FSCL states disclosure stance

by Maryvonne Gray 04 May 2015

FSCL states disclosure stance

Dispute resolution service Financial Services Complaints Ltd (FSCL) has come out in support of the Insurance & Savings Ombudsman’s recent stance on disclosure.

The ISO said last month that the New Zealand insurance industry needed to follow recent trends in Australia and the UK and change the law relating to information a consumer discloses to an insurer.

Ombudsman Karen Stevens said legislation would mean an insurer could only avoid a policy where it could show the non-disclosure was deliberate.

FSCL CEO, Susan Taylor, said while they didn’t deal with the number of cases that ISO sees, she said she felt that it was an issue the government needed to review.

“Generally speaking I agree with the ISO that the current law can be unfair to consumers who accidentally or innocently leave out information that would be relevant to the insurer,” Taylor told Insurance Business.

“If it can be established that the person accidentally or innocently left out information – and I think that can be sometimes a difficult issue to determine – then there should probably be some relief for the consumer, in particular where matters that haven’t been disclosed are not related to the event claimed for.”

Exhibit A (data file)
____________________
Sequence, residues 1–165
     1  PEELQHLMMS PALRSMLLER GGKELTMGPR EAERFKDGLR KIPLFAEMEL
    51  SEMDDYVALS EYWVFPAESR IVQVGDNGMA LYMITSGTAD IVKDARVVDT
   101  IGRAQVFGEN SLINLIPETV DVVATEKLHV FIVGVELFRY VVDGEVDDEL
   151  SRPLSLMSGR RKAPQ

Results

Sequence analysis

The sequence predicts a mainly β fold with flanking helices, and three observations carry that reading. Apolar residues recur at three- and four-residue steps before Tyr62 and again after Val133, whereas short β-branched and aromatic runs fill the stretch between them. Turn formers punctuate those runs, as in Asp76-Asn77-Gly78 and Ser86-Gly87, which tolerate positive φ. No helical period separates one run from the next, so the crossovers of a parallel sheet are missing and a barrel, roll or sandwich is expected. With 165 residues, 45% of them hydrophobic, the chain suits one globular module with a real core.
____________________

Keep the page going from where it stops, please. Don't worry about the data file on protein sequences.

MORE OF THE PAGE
Taylor said the proportionate response adopted in the UK where claim payouts are calculated with an adjustment made to include the difference in premium that should have been paid seemed to be a fairer approach.

“We are a step behind overseas jurisdictions like Australia and the UK.

“I think the government should be taking a closer look because the current law is very old. There have been, I think, two Law Commission reports saying it’s time for the law to be looked at.”

Taylor said she had heard anecdotally of cases where insurance companies avoided policies where information that hadn’t been disclosed had nothing to do with the event being claimed on.

She said the Fair Insurance Code was a good attempt at addressing issues such as this by saying they won’t act unreasonably when declining a claim.

“We thought it [FIC] was a good proactive step by the Fire & General companies but it does only apply to the Insurance Council members and doesn’t include life and health insurers.”